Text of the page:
~Saras

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  3. @Rahul
    translated in Hindi, it would read "जहां वो मेरी और मेरे साथ बिताये वक़्त की अहमियत कम करने में लगी हुई थी, मैं समझता था कि वो मेरी ज़िन्दगी के सबसे खूबसूरत पल थे; और मैं उस वक़्त के साथ और ज्यादा अहमियत जोड़ता जा रहा था"

    @Saras
    thanks :)

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  4. My understanding of Last two lines...
    "Wo doosro k saath khush hoke meri umra kam kar rahi thi.. Par mai uske gham me apni umra ko aur lamba kar raha tha" as in time seems longer when u r sad...
    But since this interpretation s very rude, even i never believed Gulzar could have meant it like that..

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  5. @Anonymous:
    But I think this translation does make a lot of sense. Thanks for this perspective! :)

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  6. I am felling in love with this blog (Gulzar101)!!

    Nice interpretation but my interpretation would be different.

    -Voice

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  7. @Bhav:
    thanks :)
    what would be ur interpretation? do share!

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  8. Its difficult to find your interpretations of Gulzar saab wrong(for the lack of better word)..But here i do digress. But because its your blog, i would only differ if permitted.

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  9. Posting without permission still, First one is on semantics, 'Things will be' should rather be 'The way things have become'. The
    relationship finished a while back, just that the other person has not yet accepted. Gulzar Saab's metaphor using 'behti hawa' implies that.

    Kuch aur bhi ho gaya numaya, typical Gulzar saab. Trying to erase has only made me realise how 'unerasable' it is. Not moved on, rather coming back again to revisit, just like 'phir wahin laut ke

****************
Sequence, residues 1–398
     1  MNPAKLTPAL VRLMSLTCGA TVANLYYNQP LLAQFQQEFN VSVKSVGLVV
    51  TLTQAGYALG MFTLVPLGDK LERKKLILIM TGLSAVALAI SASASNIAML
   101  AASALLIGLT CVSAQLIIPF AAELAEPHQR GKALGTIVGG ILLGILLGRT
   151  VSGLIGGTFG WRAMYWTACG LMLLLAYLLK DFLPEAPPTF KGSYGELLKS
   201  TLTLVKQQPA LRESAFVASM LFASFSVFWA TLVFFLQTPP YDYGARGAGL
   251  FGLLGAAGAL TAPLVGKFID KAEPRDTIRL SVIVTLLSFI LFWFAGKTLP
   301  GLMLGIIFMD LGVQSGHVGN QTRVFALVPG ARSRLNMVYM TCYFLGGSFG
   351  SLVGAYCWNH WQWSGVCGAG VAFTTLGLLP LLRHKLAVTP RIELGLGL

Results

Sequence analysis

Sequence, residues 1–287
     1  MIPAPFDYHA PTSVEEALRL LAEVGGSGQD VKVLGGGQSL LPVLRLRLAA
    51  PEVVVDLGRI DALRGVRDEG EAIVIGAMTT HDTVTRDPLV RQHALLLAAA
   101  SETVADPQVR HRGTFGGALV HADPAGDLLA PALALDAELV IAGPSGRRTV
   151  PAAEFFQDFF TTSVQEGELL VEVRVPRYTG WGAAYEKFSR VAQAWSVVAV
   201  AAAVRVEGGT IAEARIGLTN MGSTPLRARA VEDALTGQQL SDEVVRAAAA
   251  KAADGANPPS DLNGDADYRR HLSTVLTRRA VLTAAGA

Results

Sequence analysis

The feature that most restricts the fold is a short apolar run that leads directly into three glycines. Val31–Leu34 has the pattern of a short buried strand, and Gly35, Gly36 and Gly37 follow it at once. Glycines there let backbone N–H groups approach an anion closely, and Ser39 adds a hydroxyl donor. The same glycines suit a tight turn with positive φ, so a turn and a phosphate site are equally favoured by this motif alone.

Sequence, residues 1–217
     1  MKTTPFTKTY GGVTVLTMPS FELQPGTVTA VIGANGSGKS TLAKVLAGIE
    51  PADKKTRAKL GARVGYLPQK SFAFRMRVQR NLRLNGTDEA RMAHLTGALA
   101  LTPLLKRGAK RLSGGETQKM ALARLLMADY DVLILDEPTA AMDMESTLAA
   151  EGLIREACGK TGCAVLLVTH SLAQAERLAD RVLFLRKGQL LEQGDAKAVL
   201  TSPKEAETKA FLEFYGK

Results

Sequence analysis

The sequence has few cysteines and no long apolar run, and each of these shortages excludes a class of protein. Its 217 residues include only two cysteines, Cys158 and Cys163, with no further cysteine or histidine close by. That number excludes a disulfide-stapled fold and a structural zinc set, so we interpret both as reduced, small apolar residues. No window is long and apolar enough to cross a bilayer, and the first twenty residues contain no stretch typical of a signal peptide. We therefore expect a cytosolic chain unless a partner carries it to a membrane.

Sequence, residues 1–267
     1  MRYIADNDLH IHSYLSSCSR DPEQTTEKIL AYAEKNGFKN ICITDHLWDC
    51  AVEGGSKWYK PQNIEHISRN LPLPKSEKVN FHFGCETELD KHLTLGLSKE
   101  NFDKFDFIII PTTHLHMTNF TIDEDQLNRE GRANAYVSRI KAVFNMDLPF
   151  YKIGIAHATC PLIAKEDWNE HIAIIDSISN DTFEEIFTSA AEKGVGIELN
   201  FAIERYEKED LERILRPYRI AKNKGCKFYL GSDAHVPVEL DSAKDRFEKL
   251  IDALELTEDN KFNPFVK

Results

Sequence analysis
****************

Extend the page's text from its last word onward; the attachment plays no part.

jaana hoga, yaar ne kaisi rihai di hai.

    usi ka imaan- Again its not about other person but the poet himself. The idealistic notions he held, betrayed him. He couldnt keep the purity of the relationship, he so believed once he could.

    woh ek din ek ajnabi- The poet somehow finds it curious that he is being mentioned after all these years. Curious still that what she could have been describing intensely years ago is now just a

    'kahani'. The poet is just trying to figure out this new identity(demoted) in his lover. Nothing about secrets. In fact secrets are there when intensity is high..

    woh umar- yes your interpretation is dead on. Second one could be, Gulzar's wit in play. You can never deny that, the more difficult he gets, more the answer lies to finding it in his wit, rather than pathos. An everyday thought of a birthday or aging, just viewed from different perspectives, of two people now in different dimensions.

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    Replies
    1. Wow, I really love your interpretation. Some of the lines become so much more beautiful after understanding them.

      Especially love your interpretation of 'Kuchh aur bhi ho gaya numaaya'. It makes so much more sense :)

      Also like the on about 'Usi ka imaan'. Sort of like 'Ek dil se dosti thi, wo huzoor bhi kamine' or 'Kisko pata tha pehlu mein rakha dil aisa paaji bhi hoga'

      As for 'Wo ek din ek' - I think that both of the interpretations fit alright. In any case, any of Gulzar's lines can be understood in their own way by everyone.

      I love the line you used 'the more difficult he gets, more the answer lies to finding it in his wit, rather than pathos'. So true!

      Thanks a lot for spending time on writing this comment. Means a lot to me! :)

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  10. Kuch aur 'hee' ho gaya numaya. not 'Bhee' :) meaning you can easily make out now.

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  11. This comment has been removed by the author.

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  12. कुछ जवाबों के तलाश में
    चले हैं उन रंग बिरंगे फूलों के गुलिस्तां को पीछे छोड़ के
    इस बीहड़ और बंजर रेगिस्तां में ये मेरा पहला कदम है
    जितनी सख्त ज़मीं उतना ही सख्त आसमां …
    आब-ओ-हवा भी ऐसी की दम घुटता है ,
    बड़ी मशक्कत है यंहा जीने के लिए
    फिर भी एक उम्मीद है की कंही तो दरिया मिलेगा
    न कोई मुहाफ़िज़ है न कोई दोस्त,
    यंहा खुदी से रंजिश है और खुदी के दुश्मन हैं
    जज्बातों और एहसासों के बाज़ार में खरीदने लायक कुछ नहीं मिलता,
    खुद की सारी गिरह खोल रहा हूँ मैं ...अब देखो कितना दूर जा पाता हूँ
    मेरी कोशिश यही है की खुद से चल रही इस जद्द-ओ-जेहेद के बाद
    अपने को पा सकूँ,
    चाहता हूँ मेरे इर्द-गिर्द इन उडते हुए सवालों को मुट्ठी में कैद करना